The Tasmanian government is being urged to support the development of more rooftop solar and wind energy, as it negotiates the state’s biggest energy crisis after losing the grid connection to the mainland, network damage from bushfires and record low hydro levels.
The government has asked two of the state’s biggest industrial facilities – the Bell Bay smelter and the TEMCO manganese alloy smelter – to reduce output by up to 70MW as dams dry up and experts struggle to reconnect the Basslink.
The Tamar Valley gas fired generator has been brought back into service, while another gas generator has been flown at great cost from the Middle East.
But analysts argue that wind and solar would provide better options. Pitt & Sherry’s Hugh Saddler says wind energy offers a cheaper option to both gas, and imports from Victoria, which were costing $90/MWh before the cable broke.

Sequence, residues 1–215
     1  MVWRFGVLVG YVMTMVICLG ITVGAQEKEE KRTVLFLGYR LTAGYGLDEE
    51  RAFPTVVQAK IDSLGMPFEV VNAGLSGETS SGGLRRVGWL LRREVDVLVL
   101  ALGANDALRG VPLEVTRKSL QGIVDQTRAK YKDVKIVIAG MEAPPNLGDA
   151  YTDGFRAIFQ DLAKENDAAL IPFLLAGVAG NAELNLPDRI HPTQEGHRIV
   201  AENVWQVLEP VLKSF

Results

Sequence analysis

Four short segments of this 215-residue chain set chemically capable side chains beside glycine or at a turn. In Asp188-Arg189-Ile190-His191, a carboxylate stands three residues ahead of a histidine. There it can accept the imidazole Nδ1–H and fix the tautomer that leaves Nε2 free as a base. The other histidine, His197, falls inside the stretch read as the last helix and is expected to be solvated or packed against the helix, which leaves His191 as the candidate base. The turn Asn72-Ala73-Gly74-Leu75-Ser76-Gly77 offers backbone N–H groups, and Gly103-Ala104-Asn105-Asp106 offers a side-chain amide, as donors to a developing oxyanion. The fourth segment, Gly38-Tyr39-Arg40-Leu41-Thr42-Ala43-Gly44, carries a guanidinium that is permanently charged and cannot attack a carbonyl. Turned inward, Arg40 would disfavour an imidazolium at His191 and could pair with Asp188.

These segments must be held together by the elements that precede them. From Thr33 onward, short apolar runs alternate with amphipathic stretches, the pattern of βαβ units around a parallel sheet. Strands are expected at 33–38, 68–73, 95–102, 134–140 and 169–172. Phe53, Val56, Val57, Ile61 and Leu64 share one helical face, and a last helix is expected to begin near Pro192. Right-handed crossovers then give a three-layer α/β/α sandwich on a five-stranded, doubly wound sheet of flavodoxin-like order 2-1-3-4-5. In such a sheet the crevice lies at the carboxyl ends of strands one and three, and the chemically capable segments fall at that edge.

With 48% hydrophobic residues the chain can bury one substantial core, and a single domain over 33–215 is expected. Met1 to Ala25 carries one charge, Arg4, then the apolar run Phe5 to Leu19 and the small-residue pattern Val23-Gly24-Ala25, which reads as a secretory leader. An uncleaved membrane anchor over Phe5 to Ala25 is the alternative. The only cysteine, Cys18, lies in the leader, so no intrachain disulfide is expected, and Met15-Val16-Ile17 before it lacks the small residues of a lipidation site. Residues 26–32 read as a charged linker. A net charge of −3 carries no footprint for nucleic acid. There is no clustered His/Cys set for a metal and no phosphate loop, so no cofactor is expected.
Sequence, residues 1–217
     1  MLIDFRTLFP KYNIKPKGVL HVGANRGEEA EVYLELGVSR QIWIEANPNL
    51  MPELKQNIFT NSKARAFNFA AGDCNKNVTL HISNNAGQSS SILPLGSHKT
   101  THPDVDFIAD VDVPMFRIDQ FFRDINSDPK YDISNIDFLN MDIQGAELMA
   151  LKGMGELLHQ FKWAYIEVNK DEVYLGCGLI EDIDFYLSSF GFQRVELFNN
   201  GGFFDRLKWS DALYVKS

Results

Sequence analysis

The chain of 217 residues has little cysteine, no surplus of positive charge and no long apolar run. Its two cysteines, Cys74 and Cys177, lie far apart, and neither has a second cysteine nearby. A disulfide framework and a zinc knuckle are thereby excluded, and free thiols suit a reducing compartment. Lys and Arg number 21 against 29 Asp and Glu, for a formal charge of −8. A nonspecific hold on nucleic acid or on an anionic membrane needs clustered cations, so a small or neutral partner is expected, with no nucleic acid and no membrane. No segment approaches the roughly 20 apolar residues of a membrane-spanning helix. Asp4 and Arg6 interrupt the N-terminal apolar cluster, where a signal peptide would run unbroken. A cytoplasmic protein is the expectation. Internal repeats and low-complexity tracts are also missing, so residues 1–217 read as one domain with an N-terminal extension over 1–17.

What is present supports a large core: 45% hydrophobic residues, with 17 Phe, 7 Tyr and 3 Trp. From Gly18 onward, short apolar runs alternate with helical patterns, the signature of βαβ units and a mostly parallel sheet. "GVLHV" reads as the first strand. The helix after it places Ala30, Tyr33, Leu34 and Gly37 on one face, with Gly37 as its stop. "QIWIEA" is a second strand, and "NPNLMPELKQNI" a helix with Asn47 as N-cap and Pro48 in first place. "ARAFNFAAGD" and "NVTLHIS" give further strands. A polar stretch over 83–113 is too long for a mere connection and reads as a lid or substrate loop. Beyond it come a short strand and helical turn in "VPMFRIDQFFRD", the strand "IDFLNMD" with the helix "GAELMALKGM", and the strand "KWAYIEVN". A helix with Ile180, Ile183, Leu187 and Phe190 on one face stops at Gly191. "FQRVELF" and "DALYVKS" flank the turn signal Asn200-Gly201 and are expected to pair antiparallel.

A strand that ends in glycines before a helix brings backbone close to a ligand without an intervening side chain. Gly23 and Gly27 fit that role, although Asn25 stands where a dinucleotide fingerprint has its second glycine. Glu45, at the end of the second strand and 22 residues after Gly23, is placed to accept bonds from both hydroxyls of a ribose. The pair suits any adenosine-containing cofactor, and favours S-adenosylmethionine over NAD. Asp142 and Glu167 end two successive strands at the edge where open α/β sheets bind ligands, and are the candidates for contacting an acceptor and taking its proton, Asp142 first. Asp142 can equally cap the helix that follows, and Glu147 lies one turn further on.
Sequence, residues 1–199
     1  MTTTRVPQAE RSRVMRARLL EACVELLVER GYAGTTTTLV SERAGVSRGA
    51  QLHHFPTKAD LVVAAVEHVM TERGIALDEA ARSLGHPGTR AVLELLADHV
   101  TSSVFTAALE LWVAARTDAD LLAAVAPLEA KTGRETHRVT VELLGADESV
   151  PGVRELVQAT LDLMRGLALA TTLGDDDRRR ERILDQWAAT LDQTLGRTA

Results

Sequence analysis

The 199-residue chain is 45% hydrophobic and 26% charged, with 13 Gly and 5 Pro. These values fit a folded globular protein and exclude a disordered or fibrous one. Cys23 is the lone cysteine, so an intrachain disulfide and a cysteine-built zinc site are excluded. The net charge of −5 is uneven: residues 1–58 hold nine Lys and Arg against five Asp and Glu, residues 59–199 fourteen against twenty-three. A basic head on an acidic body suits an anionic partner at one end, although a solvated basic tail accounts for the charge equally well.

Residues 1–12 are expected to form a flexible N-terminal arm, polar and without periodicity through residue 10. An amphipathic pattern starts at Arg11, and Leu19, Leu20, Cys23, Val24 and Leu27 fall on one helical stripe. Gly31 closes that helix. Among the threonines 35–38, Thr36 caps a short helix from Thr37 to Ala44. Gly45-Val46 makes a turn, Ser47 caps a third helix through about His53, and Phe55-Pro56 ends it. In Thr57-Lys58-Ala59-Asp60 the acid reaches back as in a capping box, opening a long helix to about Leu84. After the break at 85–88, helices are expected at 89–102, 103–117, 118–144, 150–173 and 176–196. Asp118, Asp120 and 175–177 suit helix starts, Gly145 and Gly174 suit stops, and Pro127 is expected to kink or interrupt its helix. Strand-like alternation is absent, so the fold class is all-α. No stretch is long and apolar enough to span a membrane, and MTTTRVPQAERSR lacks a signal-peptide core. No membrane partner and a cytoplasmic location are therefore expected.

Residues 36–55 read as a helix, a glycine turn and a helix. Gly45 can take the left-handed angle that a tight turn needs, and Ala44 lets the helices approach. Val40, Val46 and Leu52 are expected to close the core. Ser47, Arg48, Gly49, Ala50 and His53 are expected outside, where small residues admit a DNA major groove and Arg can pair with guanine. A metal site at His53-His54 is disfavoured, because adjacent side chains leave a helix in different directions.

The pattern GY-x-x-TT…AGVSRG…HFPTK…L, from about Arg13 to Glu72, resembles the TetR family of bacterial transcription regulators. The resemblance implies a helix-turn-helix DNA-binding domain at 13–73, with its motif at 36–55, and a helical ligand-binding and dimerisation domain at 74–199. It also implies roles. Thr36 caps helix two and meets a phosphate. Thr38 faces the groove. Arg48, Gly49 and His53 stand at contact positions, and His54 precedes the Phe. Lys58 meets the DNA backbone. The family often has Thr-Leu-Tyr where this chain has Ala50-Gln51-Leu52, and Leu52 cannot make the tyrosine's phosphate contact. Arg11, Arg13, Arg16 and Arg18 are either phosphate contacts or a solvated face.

“Maintaining electricity flow through Basslink at full capacity during the latter part of 2015 resulted in the wholesale spot price in the Tasmanian NEM region increasing steadily from about $40/MWh in September to about $90/MWh in the first weeks of December,” Saddler notes.
Meanwhile, the Tasmanian Greens have proposed community solar farms, micro grids and loans to pay for the upfront costs of solar installation to help address long-term energy security.
The party wants to double the number of homes and businesses with rooftop solar to 50,000 in the next four years, by increasing the solar feed-in tariff. Greens spokeswoman Rosalie Woodruff said the prolonged outage of Basslink and record dry conditions highlighted the need to invest in solar energy.
Jack Gilding, from the Tasmanian Renewable Energy Alliance, said a draft report from the Tasmania Economic Regulator acknowledges that solar PV can increase energy security when dams are low.
But because solar PV was only 1 per cent of Tasmanian electricity demand in 2014-15 and there is no current mechanism for rewarding this benefit, the report suggests it can be excluded from the calculation of feed-in tariffs.
“This is a self-defeating cycle,” Gilding said. “Solar PV could meet much more of Tasmania’s energy needs, but until the full benefit is recognised, there will be no incentive for solar owners to invest in feeding energy into the grid.”
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